Back to Blighty blues

I’m just back in the UK after a fabulous trip to Australia and Singapore.

I don’t normally do this, but while I was away, I re-evaluated things a little. What I should be doing to make myself happier, more comfortable and healthier.

The thing about Australia is that there are so many similarities to home – the food is similar, they drive on the left, they seem to have a similar dry sense of humour – that the differences really stand out. Here are a few things I noticed:

  • Jogging is a big deal – I counted 100 joggers on one stretch of path within a couple of minutes from my Brisbane hotel window one morning, and everywhere we went, I’d see people in lycra shorts, tracksuit tops etc just going about their business.
  • Families and social life are a big deal. Parks, green spaces, football stadiums, museums – they all have little huts with barbecue equipment underneath for anyone to roll up and insert a coin or raised wooden picnic platforms.
  • Friendliness – I was only there for a couple of weeks, but they couldn’t have been more accommodating. Even the supermarket shelf stackers were matey when pointing out the milk aisle.

Arriving back to the 70s monstrosity of Manchester Airport, the racist cab driver and people with a weary chip on their shoulder, accentuated things even more and brought me back to Blighty with a bump.

It might just be my holiday state of mind and the places we stayed, though, because I’m sure that Australians can be as grumpy, un-fit and unhappy as the best (worst?) of us. With the wide-open spaces and the better weather, though, it certainly seemed that the quality of life down under outstripped anything we enjoy.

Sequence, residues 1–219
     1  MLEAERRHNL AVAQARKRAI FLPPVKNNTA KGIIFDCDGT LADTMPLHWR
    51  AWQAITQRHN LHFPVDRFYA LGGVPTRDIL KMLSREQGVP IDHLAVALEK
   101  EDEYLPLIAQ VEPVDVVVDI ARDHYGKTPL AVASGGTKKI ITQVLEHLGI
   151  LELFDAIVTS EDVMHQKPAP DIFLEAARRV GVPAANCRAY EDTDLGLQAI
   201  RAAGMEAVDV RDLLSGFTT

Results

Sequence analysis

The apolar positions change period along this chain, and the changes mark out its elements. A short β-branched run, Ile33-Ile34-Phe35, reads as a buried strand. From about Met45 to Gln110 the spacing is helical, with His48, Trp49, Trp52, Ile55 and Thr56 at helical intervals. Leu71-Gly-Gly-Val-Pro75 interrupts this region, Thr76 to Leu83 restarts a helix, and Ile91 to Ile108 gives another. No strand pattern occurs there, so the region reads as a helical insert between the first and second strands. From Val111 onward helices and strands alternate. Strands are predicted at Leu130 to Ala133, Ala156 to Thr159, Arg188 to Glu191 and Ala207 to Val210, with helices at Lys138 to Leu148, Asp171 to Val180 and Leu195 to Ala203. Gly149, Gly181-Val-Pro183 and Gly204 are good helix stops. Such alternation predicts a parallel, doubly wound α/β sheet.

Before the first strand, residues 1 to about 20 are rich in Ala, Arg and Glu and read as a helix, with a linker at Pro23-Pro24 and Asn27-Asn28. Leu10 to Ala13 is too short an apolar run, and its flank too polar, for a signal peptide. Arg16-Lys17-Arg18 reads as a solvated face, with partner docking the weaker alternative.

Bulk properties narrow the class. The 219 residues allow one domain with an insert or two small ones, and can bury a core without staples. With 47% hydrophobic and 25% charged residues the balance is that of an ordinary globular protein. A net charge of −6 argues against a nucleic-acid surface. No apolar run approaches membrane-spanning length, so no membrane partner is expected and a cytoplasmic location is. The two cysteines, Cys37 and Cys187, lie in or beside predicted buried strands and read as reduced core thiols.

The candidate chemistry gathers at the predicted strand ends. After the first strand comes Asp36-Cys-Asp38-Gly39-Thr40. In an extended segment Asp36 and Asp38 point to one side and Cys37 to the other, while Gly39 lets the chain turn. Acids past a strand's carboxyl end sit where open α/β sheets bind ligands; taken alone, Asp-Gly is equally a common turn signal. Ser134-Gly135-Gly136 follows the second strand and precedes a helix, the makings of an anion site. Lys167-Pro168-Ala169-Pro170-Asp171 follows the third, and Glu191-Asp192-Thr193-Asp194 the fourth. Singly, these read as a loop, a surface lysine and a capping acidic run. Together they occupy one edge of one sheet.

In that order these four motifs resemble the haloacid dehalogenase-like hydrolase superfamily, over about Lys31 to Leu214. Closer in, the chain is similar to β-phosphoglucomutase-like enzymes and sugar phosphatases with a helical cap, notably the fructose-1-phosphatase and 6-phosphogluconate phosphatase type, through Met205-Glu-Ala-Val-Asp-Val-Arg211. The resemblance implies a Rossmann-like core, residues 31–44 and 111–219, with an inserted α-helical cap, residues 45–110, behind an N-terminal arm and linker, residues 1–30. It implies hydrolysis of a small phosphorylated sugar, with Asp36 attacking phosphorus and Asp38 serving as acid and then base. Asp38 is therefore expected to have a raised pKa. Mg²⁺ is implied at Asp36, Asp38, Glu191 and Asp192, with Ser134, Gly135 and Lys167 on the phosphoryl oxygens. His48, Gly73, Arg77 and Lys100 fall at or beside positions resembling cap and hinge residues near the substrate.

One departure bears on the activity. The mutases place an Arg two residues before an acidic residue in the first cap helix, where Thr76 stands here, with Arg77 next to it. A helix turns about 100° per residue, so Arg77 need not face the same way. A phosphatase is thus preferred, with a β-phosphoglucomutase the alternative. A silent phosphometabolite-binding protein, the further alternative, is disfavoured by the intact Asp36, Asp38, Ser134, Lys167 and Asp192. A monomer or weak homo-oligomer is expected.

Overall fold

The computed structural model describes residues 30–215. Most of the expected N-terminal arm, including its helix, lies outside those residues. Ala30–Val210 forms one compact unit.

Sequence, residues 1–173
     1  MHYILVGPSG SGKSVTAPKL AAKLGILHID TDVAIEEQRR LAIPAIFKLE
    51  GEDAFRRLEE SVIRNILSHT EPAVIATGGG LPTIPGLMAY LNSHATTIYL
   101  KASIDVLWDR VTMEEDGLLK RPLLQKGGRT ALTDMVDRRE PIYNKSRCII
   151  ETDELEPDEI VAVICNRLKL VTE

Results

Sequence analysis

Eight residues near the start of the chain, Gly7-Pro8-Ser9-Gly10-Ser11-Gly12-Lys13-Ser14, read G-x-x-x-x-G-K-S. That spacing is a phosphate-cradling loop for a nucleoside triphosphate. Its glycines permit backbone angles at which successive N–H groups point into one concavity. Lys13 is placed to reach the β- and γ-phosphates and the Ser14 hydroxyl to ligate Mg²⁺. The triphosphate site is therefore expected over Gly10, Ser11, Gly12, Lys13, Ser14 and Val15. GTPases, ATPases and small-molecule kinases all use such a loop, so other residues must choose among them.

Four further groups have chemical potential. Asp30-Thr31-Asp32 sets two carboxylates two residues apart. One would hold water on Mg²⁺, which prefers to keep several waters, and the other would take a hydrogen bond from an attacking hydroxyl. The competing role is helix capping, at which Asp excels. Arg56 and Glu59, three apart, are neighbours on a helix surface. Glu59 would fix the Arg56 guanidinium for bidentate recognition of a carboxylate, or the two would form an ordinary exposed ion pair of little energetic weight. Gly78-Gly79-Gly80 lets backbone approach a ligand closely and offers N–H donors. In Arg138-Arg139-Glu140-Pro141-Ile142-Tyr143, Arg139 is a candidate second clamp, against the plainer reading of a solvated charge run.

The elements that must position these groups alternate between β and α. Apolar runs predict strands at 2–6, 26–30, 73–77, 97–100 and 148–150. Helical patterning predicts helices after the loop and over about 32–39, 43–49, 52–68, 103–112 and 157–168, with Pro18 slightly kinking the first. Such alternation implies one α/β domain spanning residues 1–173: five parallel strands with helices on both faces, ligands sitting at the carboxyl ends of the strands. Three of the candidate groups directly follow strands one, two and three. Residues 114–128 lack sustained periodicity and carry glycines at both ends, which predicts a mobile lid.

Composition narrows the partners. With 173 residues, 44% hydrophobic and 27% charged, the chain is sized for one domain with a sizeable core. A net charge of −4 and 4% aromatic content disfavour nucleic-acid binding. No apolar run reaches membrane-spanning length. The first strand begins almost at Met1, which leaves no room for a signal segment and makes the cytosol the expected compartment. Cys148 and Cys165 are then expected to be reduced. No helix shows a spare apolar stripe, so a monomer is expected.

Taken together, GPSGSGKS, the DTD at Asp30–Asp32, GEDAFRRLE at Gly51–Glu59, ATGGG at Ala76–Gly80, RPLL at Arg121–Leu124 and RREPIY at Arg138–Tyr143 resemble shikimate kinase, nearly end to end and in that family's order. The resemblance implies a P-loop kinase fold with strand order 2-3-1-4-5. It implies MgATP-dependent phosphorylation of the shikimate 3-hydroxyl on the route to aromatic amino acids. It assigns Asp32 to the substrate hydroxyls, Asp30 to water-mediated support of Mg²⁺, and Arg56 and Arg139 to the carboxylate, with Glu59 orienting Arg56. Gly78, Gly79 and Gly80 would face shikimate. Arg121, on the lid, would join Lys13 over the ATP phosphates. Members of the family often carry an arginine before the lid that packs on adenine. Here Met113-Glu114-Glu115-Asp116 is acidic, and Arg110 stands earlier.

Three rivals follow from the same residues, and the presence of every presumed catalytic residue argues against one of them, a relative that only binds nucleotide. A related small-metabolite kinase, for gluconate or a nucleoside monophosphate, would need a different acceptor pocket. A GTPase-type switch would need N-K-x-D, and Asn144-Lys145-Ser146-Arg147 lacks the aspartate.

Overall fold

It also probably helped, that I’d deliberately left my medication at home.

After popping that first injection when I got back, I felt a familiar weariness in my limbs that wasn’t anything to do with jet lag. My clay legs couldn’t bear to climb the stairs any more times than they had to and the energy I’d had exploring the streets of Singapore had been sapped. A day or so later I had my first big argument with a misbehaving daughter. The idea that I might get up early and start a pre-breakfast jogging routine seemed more and more unlikely.

It’s been a few days since I got back, now. I wisely took a few days off work to get over jet lag and this has been achieved more or less. But the idea that a week ago I was walking through a humid Singapore with a backpack creating a sweaty square on my t-shirt and a camera that immediately fogged up as soon as we’d leave anywhere air-conditioned, seems almost unbelievable. Particularly when you consider that I was striding through the streets with the rest of the family lagging behind and begging me for a rest.

So what can I do back home?